Arthur D. Collins, Jr.
Managing Partner, Acorn Advisors LLC
It has been exactly two months since John McCain was laid to rest at the Naval Academy Cemetery in Annapolis. Like countless others who watched the memorial service held at the Washington National Cathedral the day before his burial, I was moved by the tributes to the extraordinary life of this true American hero, warrior, and statesman. Many of the leadership traits that helped define Senator McCain’s character were first learned while he was a midshipman at the U. S. Naval Academy and then put to the test as an officer honorably serving his country under some of the most difficult conditions imaginable.
Today also is only four days before the midterm elections in the United States. Senator McCain believed that voting was every citizen’s right and duty. If he were alive today, I’m sure the senator would encourage all Americans to go to the polls next week and cast their votes for the best available leaders, perhaps even putting aside party affiliation if an opposition candidate clearly was better qualified and more committed to uniting our country.
This all prompted me to reflect on what skills define a good leader—in the military, government, business, or any other walk of life. In doing so, I excerpted from an interview I recently did with Professor Mike Useem from the Wharton School of the University of Pennsylvania on the subject of why some former military officers go on to have successful business careers. Since I added some additional content to the answers given in that interview, what follows is an updated version of some of my own learnings about leadership from the time I spent as an officer in the United States Navy.
The year I graduated from college, the Viet Nam War was raging. The military draft had yet to be replaced by a lottery system, and the all-volunteer Army was still more than four years in the future. As a result, unless you had a medical or teaching deferment, the question was not if you were going serve in the military, it was what branch you would end up joining. I chose the Navy.
From that early morning in August of 1969 when I reported to Naval Officer Candidate School in Newport, Rhode Island, to the day about four and a half years later when I was honorably discharged from military service as a full lieutenant, I learned a great deal about leadership. I also made my share of mistakes along the way. That experience and the associated lessons learned were invaluable and helped to guide me personally and professionally as my business career progressed during the five decades that followed.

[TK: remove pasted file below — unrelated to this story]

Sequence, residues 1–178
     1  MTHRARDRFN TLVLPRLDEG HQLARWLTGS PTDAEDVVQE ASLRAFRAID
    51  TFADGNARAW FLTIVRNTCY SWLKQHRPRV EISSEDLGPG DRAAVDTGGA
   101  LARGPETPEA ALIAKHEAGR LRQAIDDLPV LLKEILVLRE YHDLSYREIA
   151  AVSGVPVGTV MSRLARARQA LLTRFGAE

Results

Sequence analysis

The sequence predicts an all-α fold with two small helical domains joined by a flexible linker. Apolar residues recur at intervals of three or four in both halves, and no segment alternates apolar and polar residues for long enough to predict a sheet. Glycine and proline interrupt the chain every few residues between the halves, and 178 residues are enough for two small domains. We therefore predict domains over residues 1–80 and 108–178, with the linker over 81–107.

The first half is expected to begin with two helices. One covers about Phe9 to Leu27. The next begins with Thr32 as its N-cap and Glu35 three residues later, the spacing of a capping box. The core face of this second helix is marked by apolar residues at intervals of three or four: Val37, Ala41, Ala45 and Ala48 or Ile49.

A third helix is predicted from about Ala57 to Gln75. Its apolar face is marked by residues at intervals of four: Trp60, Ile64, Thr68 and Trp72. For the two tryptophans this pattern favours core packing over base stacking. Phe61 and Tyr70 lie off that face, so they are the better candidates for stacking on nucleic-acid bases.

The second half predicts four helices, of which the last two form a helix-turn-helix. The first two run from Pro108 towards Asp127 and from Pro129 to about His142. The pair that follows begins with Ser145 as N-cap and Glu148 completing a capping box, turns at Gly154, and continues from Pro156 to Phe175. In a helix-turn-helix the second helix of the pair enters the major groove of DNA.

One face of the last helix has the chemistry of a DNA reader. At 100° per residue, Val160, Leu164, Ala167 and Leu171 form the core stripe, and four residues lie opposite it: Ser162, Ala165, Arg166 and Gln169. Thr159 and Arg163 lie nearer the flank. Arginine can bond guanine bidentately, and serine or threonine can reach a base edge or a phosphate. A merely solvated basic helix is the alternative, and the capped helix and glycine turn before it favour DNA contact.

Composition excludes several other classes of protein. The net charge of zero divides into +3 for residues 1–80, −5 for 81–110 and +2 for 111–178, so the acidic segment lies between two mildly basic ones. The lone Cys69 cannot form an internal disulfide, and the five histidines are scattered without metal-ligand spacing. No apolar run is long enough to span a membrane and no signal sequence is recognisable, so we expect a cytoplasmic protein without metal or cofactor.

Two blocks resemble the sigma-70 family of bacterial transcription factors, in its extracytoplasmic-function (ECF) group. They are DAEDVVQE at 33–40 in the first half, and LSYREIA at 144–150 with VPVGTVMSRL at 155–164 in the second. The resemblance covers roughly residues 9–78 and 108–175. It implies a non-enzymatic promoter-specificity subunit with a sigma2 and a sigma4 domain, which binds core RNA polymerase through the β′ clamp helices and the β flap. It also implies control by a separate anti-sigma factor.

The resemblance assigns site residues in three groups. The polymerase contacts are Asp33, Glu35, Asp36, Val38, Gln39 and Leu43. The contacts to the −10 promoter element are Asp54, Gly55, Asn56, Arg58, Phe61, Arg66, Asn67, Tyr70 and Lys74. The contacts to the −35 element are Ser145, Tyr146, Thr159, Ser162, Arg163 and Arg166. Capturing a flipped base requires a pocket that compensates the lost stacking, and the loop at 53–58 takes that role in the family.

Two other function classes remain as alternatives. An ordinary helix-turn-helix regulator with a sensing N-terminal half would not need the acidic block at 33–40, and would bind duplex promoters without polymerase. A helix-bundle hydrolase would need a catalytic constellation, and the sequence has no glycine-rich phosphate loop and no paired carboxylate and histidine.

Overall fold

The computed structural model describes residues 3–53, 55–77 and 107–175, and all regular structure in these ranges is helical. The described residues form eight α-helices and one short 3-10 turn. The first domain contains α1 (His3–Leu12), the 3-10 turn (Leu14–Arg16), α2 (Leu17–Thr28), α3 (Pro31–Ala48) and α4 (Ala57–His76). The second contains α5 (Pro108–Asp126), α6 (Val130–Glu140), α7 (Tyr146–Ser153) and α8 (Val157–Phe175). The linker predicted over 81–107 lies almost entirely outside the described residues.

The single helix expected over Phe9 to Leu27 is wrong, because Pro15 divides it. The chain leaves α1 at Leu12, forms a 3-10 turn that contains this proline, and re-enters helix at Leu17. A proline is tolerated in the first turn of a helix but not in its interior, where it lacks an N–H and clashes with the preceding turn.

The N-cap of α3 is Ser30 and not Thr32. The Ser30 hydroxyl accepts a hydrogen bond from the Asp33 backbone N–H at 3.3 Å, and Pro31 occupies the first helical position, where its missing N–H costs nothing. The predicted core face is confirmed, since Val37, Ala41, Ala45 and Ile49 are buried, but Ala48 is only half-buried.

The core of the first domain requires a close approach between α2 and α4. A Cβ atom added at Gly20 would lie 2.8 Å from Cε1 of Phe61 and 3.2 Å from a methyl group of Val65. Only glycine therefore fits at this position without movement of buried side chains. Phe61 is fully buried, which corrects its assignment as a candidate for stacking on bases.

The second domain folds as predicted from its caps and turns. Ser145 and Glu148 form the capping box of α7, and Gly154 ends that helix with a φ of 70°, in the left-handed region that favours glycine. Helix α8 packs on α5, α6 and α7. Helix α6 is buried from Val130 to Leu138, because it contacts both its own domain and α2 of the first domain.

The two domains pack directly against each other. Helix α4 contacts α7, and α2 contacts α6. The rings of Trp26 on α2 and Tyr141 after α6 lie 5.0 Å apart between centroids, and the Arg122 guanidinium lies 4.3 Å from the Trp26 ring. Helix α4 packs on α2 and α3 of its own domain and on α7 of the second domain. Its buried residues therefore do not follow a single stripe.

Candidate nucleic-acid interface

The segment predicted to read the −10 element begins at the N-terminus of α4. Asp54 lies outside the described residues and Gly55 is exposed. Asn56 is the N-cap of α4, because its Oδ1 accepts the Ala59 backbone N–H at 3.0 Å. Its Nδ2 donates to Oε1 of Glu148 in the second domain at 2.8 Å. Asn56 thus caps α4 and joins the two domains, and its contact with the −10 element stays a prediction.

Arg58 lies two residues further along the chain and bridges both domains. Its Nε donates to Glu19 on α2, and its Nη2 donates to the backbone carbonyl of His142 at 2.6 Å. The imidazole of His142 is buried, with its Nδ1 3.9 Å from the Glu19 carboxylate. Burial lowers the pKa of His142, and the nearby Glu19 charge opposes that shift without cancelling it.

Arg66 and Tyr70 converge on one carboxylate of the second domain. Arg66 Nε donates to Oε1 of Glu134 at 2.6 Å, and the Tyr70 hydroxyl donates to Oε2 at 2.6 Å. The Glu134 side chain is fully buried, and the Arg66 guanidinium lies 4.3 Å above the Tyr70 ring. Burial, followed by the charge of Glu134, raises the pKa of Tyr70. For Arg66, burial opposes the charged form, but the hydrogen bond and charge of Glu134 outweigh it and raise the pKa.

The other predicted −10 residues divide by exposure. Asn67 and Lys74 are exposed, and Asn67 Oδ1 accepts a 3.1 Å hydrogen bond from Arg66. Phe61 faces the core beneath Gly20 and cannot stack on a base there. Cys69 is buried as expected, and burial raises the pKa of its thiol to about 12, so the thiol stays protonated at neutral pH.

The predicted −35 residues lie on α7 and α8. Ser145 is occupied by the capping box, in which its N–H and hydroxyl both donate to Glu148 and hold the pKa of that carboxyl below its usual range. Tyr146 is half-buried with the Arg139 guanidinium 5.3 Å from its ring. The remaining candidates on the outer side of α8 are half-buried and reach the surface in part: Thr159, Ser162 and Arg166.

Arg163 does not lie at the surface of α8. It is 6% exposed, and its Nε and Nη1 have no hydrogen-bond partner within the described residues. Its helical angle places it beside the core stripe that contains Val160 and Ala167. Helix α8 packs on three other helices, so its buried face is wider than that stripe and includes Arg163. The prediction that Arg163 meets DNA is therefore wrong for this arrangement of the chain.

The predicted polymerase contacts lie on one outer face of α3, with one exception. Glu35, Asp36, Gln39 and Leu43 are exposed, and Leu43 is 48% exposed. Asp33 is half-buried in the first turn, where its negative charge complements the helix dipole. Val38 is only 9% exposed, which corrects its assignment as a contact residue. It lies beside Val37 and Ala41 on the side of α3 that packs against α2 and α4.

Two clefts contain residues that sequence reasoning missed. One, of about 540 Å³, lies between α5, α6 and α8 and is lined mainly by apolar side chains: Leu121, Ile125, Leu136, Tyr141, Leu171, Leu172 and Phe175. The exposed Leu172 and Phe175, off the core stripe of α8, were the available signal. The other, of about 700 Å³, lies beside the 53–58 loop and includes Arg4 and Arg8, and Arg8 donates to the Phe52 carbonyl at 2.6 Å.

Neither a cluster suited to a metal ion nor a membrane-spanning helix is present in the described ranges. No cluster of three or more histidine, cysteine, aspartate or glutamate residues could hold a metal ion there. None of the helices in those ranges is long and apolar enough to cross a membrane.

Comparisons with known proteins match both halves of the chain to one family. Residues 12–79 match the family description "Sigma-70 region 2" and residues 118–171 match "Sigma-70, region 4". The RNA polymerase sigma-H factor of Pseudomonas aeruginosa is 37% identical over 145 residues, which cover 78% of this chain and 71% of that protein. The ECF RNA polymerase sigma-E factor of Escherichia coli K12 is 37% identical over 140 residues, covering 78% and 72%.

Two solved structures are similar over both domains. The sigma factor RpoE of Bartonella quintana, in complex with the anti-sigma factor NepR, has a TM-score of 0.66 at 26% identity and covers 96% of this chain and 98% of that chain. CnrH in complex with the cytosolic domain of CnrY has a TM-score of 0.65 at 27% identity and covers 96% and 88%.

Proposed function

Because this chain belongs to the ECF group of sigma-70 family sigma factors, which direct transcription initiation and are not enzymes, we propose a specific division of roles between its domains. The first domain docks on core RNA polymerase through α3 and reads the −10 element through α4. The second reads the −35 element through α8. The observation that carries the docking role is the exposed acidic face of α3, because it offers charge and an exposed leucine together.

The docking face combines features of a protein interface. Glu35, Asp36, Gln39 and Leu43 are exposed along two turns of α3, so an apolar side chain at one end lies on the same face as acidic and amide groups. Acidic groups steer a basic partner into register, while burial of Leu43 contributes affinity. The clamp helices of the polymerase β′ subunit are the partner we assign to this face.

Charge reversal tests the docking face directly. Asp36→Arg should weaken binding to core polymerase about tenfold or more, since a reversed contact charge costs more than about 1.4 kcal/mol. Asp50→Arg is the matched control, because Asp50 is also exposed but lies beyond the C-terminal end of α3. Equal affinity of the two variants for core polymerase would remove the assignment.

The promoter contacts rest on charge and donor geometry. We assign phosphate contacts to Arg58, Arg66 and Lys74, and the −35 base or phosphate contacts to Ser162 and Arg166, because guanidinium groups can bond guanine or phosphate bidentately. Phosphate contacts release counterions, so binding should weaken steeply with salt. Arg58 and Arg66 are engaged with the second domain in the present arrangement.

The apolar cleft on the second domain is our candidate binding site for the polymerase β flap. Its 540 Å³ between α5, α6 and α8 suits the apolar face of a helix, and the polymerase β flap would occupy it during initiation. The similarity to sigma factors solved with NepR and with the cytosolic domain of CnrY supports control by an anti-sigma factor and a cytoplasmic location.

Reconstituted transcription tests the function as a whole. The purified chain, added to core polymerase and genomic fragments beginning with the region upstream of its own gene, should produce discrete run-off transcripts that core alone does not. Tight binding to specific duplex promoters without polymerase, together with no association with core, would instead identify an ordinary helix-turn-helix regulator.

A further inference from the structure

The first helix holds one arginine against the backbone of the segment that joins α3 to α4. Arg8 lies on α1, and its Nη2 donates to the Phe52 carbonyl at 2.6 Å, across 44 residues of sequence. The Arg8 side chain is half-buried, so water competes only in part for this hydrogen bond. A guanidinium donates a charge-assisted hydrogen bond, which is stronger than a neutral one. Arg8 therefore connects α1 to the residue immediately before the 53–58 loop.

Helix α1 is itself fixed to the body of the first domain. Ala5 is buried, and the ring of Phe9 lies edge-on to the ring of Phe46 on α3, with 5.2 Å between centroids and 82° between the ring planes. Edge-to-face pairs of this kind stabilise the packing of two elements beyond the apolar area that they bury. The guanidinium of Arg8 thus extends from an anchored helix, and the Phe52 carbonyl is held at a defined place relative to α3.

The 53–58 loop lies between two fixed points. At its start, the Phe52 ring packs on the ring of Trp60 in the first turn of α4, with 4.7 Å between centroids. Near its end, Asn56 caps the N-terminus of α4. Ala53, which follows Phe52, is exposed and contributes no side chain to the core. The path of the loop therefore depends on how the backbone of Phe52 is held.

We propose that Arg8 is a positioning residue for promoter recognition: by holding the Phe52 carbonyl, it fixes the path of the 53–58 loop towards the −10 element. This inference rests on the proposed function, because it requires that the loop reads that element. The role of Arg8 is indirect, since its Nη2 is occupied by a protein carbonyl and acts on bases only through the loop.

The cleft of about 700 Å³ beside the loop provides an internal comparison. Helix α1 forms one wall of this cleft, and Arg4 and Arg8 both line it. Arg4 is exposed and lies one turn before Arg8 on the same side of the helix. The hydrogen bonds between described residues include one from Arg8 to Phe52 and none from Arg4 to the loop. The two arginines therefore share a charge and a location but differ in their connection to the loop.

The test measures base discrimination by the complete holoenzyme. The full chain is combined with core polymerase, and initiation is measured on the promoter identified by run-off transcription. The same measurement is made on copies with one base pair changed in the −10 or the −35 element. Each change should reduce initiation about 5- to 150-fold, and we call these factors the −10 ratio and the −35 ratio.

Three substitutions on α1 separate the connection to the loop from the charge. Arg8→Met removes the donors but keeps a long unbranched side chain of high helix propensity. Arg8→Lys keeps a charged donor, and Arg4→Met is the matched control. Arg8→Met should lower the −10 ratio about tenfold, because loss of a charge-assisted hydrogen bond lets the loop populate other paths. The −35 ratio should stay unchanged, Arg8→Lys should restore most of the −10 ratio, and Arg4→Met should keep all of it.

I have come to believe that there is no single mold, personality, or physical characteristic that defines a successful leader. If you need proof of that, compare Winston Churchill and Mahatma Gandhi. And even though there are many nuances to effective leadership, it has been my experience that all great leaders display one enduring trait: integrity. As General Dwight D. Eisenhower said, “The supreme quality for leadership is unquestionable integrity. Without it, no real success is possible.” Great leaders understand this critical tenet, as well as the importance of character, courage, and leading by example.
Some lessons in leadership I learned the hard way through personal trial and error; others came from observing the actions of respected and not-so-respected officers; and several were reinforced when I read about many great leaders in the past. With all that as a backdrop, here are ten additional leadership traits I came to understand and respect during my time in the Navy:
Loyalty: All military officers take a solemn oath of loyalty to support and defend the Constitution of the United States against all enemies, foreign and domestic, and to bear true allegiance to the country. While officers understand the importance of following orders, their allegiance is first and foremost to country and not to any one person, no matter how senior that individual is. I learned early on that leaders who demand blind loyalty and who put their own personal interests ahead of the best interests of the organizations and people they represent have their priorities backward. A Machiavellian leader of this type ultimately is doomed to failure. It is interesting to note that Richard Nixon, the president and commander in chief during the time I served in the military, demanded personal loyalty above all else. Nixon finally resigned in 1974 rather than face impeachment, and many of those staff members who blindly followed him had their careers destroyed in the process.